Original Balochistan comprised of 4 states of Brahvis and Baloch known as Turan till 1700 AD. In 1754, Ahmad Shah Durrani, king of Afghanistan, named Nasir Khan, who was a Brahvi, as ‘Khan of Kalat’ and allowed him to rule, Kalat area. Khan is not a Baloch world; rather it is a Pushtun title. Later other Brahvi/Baloch sardars were also brought under Khan’s control. In 1854, all these 4 states went under British suzerainty in exchange for Rs 50,000 a year. In 1896, the British who had captured Afghanistan in 1876 carved out ‘British Balochistan’ by drawing Durand Line and merging some territory of Afghanistan with Marri Bugti areas and a portion of Sindh. It was directly ruled, as a Commissionerate, through an Agent to Governor General. The Baloch/Brahvi states were allowed to be run as a loose federation by the Khan of Kalat, with a British Major as ‘Resident’ in Kalat.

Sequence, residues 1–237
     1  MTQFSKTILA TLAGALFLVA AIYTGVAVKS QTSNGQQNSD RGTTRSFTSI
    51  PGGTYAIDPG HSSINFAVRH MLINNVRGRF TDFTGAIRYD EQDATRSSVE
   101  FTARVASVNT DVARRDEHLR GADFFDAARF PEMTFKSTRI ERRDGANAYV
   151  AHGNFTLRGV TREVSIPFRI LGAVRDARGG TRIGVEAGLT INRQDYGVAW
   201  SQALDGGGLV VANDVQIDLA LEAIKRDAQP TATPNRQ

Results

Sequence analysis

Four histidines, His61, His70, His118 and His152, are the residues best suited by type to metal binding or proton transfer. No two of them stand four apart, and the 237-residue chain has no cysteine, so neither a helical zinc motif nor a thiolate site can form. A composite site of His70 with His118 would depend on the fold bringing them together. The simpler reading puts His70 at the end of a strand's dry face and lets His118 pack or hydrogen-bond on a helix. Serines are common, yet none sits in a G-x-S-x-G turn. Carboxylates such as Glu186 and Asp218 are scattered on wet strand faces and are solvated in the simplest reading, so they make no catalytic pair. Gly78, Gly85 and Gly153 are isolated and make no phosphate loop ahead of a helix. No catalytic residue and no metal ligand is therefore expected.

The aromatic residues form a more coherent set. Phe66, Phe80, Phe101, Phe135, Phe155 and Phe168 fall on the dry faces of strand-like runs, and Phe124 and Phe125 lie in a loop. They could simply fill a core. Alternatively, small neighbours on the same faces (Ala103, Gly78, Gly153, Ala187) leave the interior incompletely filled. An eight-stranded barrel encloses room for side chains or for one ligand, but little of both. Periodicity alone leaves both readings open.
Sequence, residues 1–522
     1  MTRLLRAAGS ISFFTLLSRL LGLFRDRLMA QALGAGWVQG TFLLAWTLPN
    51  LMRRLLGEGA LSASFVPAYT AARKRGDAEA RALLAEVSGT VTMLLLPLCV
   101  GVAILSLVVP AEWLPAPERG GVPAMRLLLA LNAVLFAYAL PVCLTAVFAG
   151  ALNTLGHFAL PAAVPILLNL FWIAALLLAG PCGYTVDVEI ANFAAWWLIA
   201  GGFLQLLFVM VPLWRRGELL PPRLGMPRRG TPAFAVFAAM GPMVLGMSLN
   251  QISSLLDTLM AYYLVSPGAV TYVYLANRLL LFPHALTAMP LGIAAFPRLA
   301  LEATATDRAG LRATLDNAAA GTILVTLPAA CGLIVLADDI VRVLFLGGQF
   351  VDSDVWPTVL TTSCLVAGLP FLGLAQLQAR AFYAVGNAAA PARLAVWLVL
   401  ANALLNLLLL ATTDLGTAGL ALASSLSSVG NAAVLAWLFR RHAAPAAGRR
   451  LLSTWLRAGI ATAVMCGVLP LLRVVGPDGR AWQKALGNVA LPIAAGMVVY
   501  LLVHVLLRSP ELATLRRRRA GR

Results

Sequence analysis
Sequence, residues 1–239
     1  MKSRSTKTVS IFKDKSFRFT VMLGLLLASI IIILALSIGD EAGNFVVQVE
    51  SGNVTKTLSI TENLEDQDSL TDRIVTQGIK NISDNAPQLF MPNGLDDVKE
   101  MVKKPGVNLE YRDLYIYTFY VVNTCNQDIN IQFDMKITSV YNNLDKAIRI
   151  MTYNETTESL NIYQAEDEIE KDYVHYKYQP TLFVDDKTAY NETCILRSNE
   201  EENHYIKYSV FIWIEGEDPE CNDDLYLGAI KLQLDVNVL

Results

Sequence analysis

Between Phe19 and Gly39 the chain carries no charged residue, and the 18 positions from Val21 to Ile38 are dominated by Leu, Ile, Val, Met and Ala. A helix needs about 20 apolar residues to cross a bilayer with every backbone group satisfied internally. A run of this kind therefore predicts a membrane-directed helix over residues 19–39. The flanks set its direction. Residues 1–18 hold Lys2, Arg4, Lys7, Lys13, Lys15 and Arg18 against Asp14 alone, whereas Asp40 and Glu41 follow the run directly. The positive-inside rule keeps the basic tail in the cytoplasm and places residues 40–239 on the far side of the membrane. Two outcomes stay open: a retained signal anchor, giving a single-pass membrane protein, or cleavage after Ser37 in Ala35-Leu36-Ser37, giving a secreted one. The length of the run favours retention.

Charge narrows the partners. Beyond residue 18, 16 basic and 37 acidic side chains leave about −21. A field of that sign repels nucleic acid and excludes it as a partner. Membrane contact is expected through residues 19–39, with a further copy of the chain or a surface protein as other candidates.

In 1947, old Balochistan was designated as Kalat Division. British Balochistan, alongside a part of Sindh, was designated as Quetta Division. These two divisions were ruled as part of West Pakistan till 1970. Present day Balochistan came into being once ‘One Unit’ was abolished in 1970. The Quetta and Kalat divisions were merged to name them, Balochistan. Naming of this province as Balochistan was contrary to ethic realities of the landscape, it was indeed a merger of two distinct territories each housing a distinct ethnic group. Pushtun and Baloch are co-partners in the stakes of Balochistan with almost equal numbers. Total population of Balochistan is between 7 to 8 million. This counts for 5 percent of Pakistan’s population. Landscape of Balochistan is almost half of Pakistan. This low man-to-land ratio coupled with poor rail-road infrastructure supports sustenance of exploitative socio-political structure, centred around tribal chieftains. Hence, it is not surprising that tribal chieftains oppose infrastructure and services related development projects. Marri and Mengal Sardars first stood up against the Pakistan government when the law was passed to abolish Sardari system in Balochistan to free the ordinary Baloch from the clutches of their tribal leaders.